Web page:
Toe Salad has a long history with the Kuuva - actually a long history with Feelmax as a brand. In the very early days of this site (when it was called ADVENTUREinPROGRESS), one of the very first shoe reviews we did was a review of the Feelmax Niesa. Somewhere along the way when I was communicating with Feelmax about the Niesa, they sent me a photo of the Kuuva and I was in absolute shock.
The Kuuva was innovative. It was the first-ever hiking boot, purpose-built for the barefoot/minimalist shoe crowd. I was especially excited because one of the biggest weaknesses of minimalist footwear was (and largely still is) cold. Most of the available options at the time were too cold for below freezing conditions. I was hopeful that the Kuuva would bring some much needed warmth to the world of barefoot shoes.
Version 1 of the Kuuva featured the same sole as the version 1 of the Osma (Feelmax's road running shoe). It's high-top upper was constructed out of an artificial leather product called Clarino, and a canvas-like fabric.
While version 1 of the Kuuva was a good first attempt, it was far from perfect. The Clarino - while quite water resistant - was not very breathable, and a little too stiff. The opening around the ankle was narrow and made it difficult to put the shoes on. Additionally, there were design/fabrication issues with the sole that caused it to come apart pre-maturely (as with the Osma v1).
The Kuuva 2 is designed specifically to address all of those problems. The boot is now built using leather (Waterbuck water-resistant suede) instead of Clarino. This improves breathability and flexibility, and has the side-effect of making them even more aesthetically pleasing. The shoe opening around the ankle has been re-designed to make putting the boots on much easier. The Kuuva 2 also uses version 2 of the Feelmax NatuRun sole - the same sole used on the Osma 2.
Note: this is not the version 3 sole as can be found on the Vasko or the Osma 3 (although based on what I am seeing with the Feelmax line, I am sure it is coming at some point).
What I like about the Kuuva:
- The design is truly mnmlst. The sole is thin and flexible, the boot has the most ground feel of any minimalist boot I have tried. Although they are a high-top boot, the soft leather around the ankle is very flexible and unrestricting. They get softer with age.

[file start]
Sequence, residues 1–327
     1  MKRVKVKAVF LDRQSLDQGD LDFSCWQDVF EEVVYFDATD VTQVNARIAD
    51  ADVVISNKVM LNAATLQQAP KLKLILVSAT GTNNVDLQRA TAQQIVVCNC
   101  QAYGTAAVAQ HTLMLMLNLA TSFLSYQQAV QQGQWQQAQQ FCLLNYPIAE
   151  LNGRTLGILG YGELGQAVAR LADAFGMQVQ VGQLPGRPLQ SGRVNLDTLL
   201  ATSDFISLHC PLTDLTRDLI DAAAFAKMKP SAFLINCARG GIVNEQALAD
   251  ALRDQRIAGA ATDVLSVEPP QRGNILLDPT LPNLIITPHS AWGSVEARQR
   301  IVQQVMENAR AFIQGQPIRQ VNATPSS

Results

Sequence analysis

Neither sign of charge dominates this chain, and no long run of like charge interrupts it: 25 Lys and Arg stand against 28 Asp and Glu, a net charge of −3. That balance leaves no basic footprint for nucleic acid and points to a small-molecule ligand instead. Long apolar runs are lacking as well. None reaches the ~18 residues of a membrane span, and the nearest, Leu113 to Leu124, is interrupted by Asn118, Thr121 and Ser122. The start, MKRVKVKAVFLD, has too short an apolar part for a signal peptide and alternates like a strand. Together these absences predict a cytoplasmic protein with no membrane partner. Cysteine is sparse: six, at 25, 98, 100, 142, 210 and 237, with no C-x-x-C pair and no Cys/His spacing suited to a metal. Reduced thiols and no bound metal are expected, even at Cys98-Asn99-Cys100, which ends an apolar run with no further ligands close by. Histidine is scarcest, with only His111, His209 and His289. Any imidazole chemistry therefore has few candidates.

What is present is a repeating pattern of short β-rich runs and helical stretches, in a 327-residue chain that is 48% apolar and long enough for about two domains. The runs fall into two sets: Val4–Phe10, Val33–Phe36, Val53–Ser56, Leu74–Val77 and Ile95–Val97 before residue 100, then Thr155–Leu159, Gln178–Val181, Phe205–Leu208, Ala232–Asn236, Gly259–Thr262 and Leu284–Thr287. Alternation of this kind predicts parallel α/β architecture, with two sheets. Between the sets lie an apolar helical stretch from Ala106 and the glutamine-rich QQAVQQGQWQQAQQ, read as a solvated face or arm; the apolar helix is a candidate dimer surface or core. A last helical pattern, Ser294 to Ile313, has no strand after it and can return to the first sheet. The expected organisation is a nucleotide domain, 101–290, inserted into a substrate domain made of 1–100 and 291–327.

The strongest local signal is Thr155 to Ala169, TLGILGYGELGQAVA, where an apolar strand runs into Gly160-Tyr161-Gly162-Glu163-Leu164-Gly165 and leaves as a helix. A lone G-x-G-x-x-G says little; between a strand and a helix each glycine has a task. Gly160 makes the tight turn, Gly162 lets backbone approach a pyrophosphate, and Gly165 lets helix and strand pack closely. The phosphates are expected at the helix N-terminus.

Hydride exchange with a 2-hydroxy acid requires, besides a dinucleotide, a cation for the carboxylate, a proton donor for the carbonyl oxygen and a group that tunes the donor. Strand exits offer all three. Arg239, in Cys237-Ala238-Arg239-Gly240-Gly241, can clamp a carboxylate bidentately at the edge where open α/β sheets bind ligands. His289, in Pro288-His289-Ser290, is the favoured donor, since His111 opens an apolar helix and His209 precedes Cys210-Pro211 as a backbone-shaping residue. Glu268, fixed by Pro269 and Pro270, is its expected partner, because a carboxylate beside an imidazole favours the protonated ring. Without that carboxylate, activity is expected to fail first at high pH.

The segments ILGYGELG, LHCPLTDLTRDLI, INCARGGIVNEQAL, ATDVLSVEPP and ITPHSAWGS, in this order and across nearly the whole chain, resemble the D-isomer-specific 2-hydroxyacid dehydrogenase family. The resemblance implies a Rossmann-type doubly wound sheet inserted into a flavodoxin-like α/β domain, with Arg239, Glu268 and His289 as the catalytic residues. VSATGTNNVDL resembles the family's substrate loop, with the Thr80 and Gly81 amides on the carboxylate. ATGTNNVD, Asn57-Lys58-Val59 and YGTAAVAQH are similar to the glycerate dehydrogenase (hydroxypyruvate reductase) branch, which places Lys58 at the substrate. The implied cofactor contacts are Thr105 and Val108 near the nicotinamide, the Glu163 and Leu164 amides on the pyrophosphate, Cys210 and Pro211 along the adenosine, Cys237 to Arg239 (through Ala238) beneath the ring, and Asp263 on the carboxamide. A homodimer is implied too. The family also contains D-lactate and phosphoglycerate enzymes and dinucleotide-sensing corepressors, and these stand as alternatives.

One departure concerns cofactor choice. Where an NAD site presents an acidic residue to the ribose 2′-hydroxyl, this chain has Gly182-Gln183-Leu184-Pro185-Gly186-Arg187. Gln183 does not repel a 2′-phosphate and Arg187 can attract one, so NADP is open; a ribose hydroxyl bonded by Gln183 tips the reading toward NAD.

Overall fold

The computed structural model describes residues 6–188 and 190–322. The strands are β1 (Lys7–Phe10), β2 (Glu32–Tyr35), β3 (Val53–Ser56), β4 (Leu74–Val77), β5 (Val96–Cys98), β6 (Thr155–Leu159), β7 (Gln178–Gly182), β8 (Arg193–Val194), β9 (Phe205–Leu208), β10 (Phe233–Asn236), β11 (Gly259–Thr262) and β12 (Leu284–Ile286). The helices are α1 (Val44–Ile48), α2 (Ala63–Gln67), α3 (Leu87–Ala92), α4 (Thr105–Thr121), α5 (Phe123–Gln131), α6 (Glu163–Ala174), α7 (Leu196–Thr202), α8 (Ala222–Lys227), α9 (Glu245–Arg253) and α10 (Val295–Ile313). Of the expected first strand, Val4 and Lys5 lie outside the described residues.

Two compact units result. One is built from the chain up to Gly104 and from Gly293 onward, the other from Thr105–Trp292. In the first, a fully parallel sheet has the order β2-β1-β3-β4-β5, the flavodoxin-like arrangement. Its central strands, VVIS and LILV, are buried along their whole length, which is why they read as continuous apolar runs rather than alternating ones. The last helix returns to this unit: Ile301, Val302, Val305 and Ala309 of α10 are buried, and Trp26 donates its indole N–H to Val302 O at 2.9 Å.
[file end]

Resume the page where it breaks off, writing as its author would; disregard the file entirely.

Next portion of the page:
- I don't need a gaiter. You might be wondering what the purpose is of a over-the-ankle boot is when the high-top isn't there to provide support: it is there to provide protection from abrasion and act like a built-in gaiter.
- The boot is durable. The quality and workmanship is top-notch. The sole is a definite improvement over the previous version, and so far the durability seems to be much better.
- They look good. Thee Kuuva has always been eye catching, and has only gotten better with version 2.
My biggest issue with the Kuuva is...
- Limited seasonal usefulness. I find them too hot for summer, and too cold for winter. For me, they are best suited for spring and fall.
I have heard that some people can wear them in winter, I have tried, and found the soles to be too thin for the cold. I ordered my pair a size larger so that I could use them with extra-thick socks in winter conditions. I now regret this decision as even with thick wool socks, they didn't keep my feet very warm, and now they are a bit bigger than I would like with regular socks. Oh well.
I have not had the opportunity to use the Kuuva in all conditions, however, based on my observations and experience, I can say this:
- The sole of the Kuuva is flat and flexible. This works great for trails, rocks, and general outdoorsy conditions. A sole like this will have limited grip in steep, loose, and/or muddy conditions.
- The upper is water-resistant leather. This is fine for everyday casual outdoor use and day hiking, but would be problematic for multi-day backpacking trips in potentially wet conditions as they take a long time to dry out. I would never consider wearing the Kuuva for a stream crossing - for those types of conditions, a quick-drying mesh trail runner is a better bet.
As you may know, I am a believer in the shoes are tools mindset, and as they say, you use the right tool for the job. The question I ask whenever evaluate a pair of footwear is... what is the right job for this tool? Or, perhaps what is the job best suited for this tool?
After spending several months with the Feelmax Kuuva, I can say that the best job for this boot is the outdoors in spring and fall. Hiking, hunting, etc. in cold, damp, rugged conditions is their sweet spot. If you are looking for minimalist footwear that suits those conditions, you definitely want to give the Kuuva a closer look.